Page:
Different Workouts Done by Different NFL Positions

Ever want the body of an athlete? What about the body of an NFL Player? Well, if you said yes option, you are looking at quite the range of physiques – as the smallest and largest NFL players are separated in height and weight by over a foot and 200lbs. There are a lot of workouts NFL players do – but some are best suited for specific positions. Below are some workouts that are best at maximizing the potential of a position. 

Box Jump – Everyone

One workout that seems important – whether it is for NFL players or learning about how players train before betting at MyBookie – is the box jump. Box jumps are great for – cue NFL buzzword – increasing explosiveness. Whether you are a 300lbs lineman trying to get off the snap quicker or a slot wide receiver trying to cut on your slant route with more acceleration – the box jump is popular amongst all positions. 

“Deadlifts, Push-ups, Box Jumps” by CrossFit West Palm Beach is licensed under CC BY-NC 2.0

Bench Press – Lineman 

This workout seems pretty self-explanatory – but we will explain it anyway. Linemen do a lot of pushing in their line of work. Where it is blocking for the quarterback and running back or to get to the quarterback and running back – the majority of plays involve pushing. Where can you get extra strength to push over 300lb opponents – from never skipping chest day!

Squats – Running Backs

While most NFL players incorporate squats into their workout regime, you cannot find a position that it is more important for running backs. Running back – while varying in size – are often the smallest player (except for some slot wide receivers) on the field. 

Now, being smaller at the running back position is not a bad thing. For one, hitting holes and ducking out of tackles is easier. Of course, you need to be strong at the position – and as the position requires you to have a tight grip on the ball your power needs to come from your legs. Some of the best running backs squat over 500lbs – making it easier for them to push against the defensive linemen

Battle Ropes – Tight Ends 

Tight ends serve two roles in the NFL – blocking and receiving. Many tight ends excel in one category but are not quite as skilled in the other. To be good at both you need strong arms and fast arms. One of the best to ever do it at both is Rob Gronkowski. One part of his workout routine is battle ropes. It helps him strengthen his arms – so he can push over linebackers in the run game – while also allowing him to keep his arm speed up to make him an adept receiver.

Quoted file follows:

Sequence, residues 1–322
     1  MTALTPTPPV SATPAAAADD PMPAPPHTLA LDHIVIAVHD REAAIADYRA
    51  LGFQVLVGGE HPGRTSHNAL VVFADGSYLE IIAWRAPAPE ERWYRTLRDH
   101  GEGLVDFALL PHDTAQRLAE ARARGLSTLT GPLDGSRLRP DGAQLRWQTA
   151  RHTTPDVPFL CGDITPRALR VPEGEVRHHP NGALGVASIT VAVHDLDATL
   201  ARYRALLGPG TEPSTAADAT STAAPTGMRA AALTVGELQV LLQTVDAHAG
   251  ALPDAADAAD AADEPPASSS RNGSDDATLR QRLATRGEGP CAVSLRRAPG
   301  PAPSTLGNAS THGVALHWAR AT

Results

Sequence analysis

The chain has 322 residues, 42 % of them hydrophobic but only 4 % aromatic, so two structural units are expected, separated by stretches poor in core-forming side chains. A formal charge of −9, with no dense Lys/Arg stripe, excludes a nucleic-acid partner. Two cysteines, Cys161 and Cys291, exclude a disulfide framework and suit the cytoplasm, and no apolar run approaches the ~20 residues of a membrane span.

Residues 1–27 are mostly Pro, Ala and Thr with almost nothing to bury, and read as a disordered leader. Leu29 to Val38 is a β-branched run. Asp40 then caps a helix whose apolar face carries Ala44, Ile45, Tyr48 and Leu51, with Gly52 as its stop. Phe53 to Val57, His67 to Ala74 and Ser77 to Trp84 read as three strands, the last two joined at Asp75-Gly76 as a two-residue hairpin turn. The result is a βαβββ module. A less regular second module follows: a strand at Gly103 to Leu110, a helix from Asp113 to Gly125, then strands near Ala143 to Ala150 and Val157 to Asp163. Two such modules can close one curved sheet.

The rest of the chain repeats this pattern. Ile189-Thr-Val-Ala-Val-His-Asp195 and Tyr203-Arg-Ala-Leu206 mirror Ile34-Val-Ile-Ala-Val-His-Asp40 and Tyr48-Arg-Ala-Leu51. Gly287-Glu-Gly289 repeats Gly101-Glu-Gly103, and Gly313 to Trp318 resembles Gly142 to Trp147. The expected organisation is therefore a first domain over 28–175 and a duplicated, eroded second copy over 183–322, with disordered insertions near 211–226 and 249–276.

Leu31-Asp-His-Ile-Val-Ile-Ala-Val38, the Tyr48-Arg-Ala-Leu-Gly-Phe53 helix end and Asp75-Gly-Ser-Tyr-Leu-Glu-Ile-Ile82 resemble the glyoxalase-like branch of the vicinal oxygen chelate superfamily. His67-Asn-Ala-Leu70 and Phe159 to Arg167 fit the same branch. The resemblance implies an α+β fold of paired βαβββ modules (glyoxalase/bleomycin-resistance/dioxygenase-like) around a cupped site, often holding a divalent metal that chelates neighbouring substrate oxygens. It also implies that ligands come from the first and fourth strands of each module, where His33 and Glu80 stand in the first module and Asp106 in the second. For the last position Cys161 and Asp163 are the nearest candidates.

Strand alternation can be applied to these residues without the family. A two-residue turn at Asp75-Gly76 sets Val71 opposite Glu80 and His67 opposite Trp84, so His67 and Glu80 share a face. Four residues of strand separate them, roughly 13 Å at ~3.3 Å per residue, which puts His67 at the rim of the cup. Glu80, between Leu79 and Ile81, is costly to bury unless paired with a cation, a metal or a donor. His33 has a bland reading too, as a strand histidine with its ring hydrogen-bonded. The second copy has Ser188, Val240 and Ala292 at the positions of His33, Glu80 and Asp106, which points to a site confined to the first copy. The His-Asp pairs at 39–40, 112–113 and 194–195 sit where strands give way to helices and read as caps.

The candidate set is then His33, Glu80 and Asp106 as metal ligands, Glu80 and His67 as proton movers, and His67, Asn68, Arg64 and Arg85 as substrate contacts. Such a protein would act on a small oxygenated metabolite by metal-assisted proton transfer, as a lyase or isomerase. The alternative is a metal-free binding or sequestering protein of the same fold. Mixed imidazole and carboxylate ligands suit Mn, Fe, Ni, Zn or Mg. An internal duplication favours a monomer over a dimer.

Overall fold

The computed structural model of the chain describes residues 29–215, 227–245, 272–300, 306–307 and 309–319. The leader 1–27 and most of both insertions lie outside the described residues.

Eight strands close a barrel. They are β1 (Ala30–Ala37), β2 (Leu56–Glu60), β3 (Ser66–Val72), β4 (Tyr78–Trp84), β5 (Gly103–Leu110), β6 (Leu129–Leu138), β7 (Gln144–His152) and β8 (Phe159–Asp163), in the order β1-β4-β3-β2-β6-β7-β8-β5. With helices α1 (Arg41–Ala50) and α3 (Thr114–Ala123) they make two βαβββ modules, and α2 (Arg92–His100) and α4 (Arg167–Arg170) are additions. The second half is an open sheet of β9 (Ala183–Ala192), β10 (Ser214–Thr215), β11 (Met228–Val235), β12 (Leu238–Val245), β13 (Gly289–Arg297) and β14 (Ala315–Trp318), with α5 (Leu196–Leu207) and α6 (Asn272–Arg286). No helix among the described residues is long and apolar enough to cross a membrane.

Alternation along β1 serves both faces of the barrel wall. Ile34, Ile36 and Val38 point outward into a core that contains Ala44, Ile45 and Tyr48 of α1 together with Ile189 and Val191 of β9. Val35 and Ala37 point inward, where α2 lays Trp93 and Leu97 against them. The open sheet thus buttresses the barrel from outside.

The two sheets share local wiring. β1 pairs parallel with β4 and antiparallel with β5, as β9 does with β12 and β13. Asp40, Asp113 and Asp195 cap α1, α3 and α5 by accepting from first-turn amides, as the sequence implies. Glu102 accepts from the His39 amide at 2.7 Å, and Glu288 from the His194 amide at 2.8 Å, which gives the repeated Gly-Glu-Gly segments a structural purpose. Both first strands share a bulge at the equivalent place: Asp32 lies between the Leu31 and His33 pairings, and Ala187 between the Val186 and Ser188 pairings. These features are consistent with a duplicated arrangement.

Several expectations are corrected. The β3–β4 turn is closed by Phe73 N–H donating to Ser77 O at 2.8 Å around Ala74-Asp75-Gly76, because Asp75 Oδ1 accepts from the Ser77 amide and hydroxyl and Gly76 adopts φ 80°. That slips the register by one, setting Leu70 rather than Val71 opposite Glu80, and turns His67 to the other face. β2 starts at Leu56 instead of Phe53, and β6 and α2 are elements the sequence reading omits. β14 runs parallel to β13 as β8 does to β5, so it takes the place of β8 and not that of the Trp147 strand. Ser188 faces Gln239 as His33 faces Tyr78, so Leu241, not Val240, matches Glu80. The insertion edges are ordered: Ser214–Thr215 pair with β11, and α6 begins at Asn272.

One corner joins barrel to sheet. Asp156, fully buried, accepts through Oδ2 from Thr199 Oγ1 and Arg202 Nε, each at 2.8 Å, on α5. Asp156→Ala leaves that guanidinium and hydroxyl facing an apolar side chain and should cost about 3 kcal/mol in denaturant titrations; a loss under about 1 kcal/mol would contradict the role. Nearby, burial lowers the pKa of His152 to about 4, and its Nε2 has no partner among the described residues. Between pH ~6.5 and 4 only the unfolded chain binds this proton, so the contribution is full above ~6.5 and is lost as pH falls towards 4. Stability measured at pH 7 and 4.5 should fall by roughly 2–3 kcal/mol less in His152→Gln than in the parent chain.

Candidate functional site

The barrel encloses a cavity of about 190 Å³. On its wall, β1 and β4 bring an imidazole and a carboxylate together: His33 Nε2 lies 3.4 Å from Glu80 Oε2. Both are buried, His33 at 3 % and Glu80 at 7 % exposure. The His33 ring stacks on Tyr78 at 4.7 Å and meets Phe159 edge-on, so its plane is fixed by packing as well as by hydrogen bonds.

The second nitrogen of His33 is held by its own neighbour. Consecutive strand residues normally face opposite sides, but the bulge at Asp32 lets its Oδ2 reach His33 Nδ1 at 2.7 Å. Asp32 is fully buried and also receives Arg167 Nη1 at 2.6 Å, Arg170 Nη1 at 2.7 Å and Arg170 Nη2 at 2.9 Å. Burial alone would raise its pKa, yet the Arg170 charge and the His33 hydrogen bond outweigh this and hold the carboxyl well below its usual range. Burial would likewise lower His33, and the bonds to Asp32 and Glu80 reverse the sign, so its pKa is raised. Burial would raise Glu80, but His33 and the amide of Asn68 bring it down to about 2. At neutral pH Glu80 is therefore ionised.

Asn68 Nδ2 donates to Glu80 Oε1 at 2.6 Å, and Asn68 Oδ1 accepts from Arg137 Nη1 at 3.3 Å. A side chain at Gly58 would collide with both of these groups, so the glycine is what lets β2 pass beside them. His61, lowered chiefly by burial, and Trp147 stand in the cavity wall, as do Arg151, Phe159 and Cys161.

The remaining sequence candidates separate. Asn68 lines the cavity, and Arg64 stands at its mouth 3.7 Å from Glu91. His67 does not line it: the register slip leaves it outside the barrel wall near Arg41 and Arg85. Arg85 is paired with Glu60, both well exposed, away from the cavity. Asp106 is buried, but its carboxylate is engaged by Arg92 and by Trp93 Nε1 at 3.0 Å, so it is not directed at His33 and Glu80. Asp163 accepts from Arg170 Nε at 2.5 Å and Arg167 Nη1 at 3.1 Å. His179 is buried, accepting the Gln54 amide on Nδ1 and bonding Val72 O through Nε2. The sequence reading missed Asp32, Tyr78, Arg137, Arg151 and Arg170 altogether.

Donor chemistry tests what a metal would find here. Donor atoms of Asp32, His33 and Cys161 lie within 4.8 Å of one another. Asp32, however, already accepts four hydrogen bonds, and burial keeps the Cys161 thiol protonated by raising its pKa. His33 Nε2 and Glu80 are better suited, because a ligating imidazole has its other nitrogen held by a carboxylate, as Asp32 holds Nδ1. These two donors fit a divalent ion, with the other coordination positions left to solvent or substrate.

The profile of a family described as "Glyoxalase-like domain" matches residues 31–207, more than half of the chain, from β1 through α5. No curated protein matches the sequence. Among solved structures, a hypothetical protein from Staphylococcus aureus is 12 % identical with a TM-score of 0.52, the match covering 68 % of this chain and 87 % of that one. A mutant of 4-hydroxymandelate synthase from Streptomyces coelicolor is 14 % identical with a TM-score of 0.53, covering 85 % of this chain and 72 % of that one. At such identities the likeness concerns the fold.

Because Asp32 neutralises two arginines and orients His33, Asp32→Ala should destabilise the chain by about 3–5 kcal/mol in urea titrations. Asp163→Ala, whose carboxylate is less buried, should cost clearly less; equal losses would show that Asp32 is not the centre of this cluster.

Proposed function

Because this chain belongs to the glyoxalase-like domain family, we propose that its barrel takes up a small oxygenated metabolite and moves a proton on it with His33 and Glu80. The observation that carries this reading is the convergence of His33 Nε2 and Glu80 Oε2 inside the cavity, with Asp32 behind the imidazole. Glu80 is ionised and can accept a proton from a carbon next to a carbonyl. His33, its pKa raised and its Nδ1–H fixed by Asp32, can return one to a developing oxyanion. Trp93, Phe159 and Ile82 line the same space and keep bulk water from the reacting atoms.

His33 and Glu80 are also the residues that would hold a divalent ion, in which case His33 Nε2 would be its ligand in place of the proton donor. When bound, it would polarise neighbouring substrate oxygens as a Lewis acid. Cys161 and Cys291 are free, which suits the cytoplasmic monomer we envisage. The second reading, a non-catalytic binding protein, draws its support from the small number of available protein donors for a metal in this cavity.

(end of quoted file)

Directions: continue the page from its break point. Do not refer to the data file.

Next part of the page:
“Battle Ropes Training – FIBO Cologne 2018” by marcoverch is licensed under CC BY 2.0

Back Extensions – Quarterbacks

What position needs to twist and turn the most – whether it is to get out of would-be tacklers or to switch their view from the strong side of the field to the weak side? The quarterback! A strong core is important for a QB, as it allows them to move in the pocket with strength while also giving them the power to throw with (especially if the pass rush is nipping at their legs). Back extensions are one way to strengthen the core. Other views include most formations of planks, crunches, and sit-ups.

Sled Pulls – Safety

Want to get explosive speed so you can get to the line of scrimmage in split seconds and lay a big hit? Why not train with sled pulls? Once again, we bring up the word “explosiveness” but football is a game of explosiveness. Everything happens in seconds and resets so if you cannot do your job with elite speed, you are not going to have a long career playing football. 

Cardio – Everyone

We will sign off with cardio. Every position needs to do cardio. It does not need much explanation – more of a friendly reminder that adding cardio into your workout routine is key to having a healthy, well-rounded body that can excel at playing football. 

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